“On with the dance! Let joy be unconfined”
I'm all dressed up, my date is here and the helicopter awaits. I pick up the beautifully embossed invitation to The Third Annual Willow Manor Ball which has been tucked next to the flowers on my bedroom mantle piece and with a whiz, a whir and a whoop we are on our way!
A little background first....
The lady who defined 20th century fashion was born in 1890 into a wealthy and distinguished family in Rome, where she spent her childhood. She was outrageous from a young age, offending the nuns who taught her in her strict Roman Catholic school and disgracing her family when she attended a ball in Paris wearing only a length of fabric wrapped around her body, which promptly unravelled! When she was 23, she travelled to Paris, and then to London, where she met William de Wendt, whom she married the following year. After the birth of their daughter – Gogo - in 1919, The marriage didn’t last - due to financial difficulties and William's unfaithfulness - and the couple divorced in 1920. This left Schiaparelli a single mother, and fuelled her determination to succeed independently in the fashion world. She moved to Paris and met the celebrated designer, Paul Poiret, who introduced her to the art of couture.
Elsa became famous for being superbly original in her designs and marketing. She printed press releases on fabric, for example, and produced fashion shows that were uniquely spectacular. These days such performance in relation to fashion is commonplace; in Schiaparelli’s time it was unheard of. Her collections and shows most often had themes. One collection was inspired by African iconography; another drew inspiration from sailors’ tattoos, and dresses bore snakes and anchors. Other collections included 'Musical Instruments', 'Butterflies', 'The Pagan Collection', 'The Astrological Collection' and 'The Circus Collection'. Each collection of highly original and the often eccentric clothes caused scandal and success.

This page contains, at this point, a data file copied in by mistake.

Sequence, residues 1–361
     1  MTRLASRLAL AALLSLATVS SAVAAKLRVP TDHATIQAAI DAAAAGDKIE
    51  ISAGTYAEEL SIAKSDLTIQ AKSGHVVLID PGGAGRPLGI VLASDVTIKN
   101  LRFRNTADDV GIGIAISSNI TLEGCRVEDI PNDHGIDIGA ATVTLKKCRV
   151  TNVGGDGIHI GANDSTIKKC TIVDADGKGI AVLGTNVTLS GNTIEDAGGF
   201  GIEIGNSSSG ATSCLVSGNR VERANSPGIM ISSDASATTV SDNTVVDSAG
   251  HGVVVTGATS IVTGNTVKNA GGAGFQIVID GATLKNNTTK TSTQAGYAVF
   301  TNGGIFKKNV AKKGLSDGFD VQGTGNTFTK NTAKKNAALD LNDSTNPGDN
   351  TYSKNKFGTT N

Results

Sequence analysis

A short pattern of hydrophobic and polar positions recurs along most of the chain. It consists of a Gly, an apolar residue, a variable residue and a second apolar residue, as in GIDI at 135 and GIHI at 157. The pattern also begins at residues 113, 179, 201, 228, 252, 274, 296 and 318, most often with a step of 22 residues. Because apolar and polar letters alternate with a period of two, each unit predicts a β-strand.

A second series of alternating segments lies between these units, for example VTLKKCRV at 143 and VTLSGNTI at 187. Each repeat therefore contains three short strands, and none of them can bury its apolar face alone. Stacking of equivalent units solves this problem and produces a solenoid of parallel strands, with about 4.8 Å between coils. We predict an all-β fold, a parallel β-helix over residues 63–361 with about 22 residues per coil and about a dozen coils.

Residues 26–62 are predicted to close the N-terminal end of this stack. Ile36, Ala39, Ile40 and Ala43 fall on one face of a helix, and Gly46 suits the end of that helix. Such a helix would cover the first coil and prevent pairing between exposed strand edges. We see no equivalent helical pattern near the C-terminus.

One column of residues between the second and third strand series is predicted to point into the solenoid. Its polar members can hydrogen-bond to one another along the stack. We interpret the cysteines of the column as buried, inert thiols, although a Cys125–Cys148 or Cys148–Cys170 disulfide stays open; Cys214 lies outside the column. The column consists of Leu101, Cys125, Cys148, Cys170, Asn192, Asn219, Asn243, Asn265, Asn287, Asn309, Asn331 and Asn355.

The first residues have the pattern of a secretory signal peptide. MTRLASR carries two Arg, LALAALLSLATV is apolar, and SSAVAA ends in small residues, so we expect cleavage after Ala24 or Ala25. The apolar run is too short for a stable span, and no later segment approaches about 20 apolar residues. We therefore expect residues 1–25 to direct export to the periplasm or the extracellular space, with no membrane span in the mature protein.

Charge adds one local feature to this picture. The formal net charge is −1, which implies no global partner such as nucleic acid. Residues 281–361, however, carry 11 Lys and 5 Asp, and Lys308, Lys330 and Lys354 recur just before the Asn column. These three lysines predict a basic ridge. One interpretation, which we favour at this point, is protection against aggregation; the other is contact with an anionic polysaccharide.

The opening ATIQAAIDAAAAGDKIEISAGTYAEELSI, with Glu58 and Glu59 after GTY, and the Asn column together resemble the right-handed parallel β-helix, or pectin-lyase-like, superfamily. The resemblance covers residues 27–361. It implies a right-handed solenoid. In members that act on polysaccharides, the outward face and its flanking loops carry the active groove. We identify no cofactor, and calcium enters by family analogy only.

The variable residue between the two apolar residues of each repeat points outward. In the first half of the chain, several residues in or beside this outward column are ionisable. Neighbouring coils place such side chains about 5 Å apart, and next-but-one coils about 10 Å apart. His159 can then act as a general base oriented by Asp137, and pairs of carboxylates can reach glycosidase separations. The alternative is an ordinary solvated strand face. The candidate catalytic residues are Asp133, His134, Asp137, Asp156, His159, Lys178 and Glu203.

She had a wide circle of friends, with whom she often collaborated. She was good friends with the writer, filmmaker and artist Jean Cocteau; Schiaparelli once reproduced a drawing by Cocteau on an evening cape in embroidery. She was recognised as an artist by such people as Marcel Duchamp, Picasso and Stravinsky, and closely connected to the Surrealist movement - for example, Schiaparelli’s 'Lobster Dress' was a collaboration with Salvador Dali. This connection with the wider art world set Elsa Schiaparelli apart from most other fashion designers - she was not merely interested in beauty or fleeting fashion trends, but in art, culture, ideas and innovation. Essentially, Schiaparelli was distinctive in her involvement with the wider intellectual and creative world.
I shall be wearing an Elsa Schiaparelli creation of course – she one of my all-time favourite designers. This bronze-gold gown is, I feel, perfect for the time of year. I shall wear it with these shoes – just for a bit of funk – and an African inspired necklet also designed by Schiaparelli.
As my hair is neither here nor there, I will have to wear a hat. I rather liked this one, but Ranulph said that I looked as though I was about to go on safari in the Serengeti.
So instead – and to link to the African theme I chose this…..er…hut. Perhaps a few little yellow diamonds scattered like moon dust would add a certain je ne sais quoi. What do you think?
I’d had decided some time ago to invite Ranulph Fiennes as my (hot) date. He accepted with an alacrity I found utterly charming. I do love the unique combination of reckless adventurer, intrepid explorer, acerbic wit, flawless raconteur, excellent writer and a man of deep – but not overt - familial love. I think you’ll all find him rather entertaining!
Last, but of course no means least, for our most sensational of hostesses, I have a little thank-you gift in the form of some rather luxurious personalized writing paper from the world renown Smythsons of Bond Street just because the lady loves the scent of old paper and words dancing on a page.
Dance, dream, discover, devour - and desire just a tad! Tess, this is too, too marvellous darling. Thank you!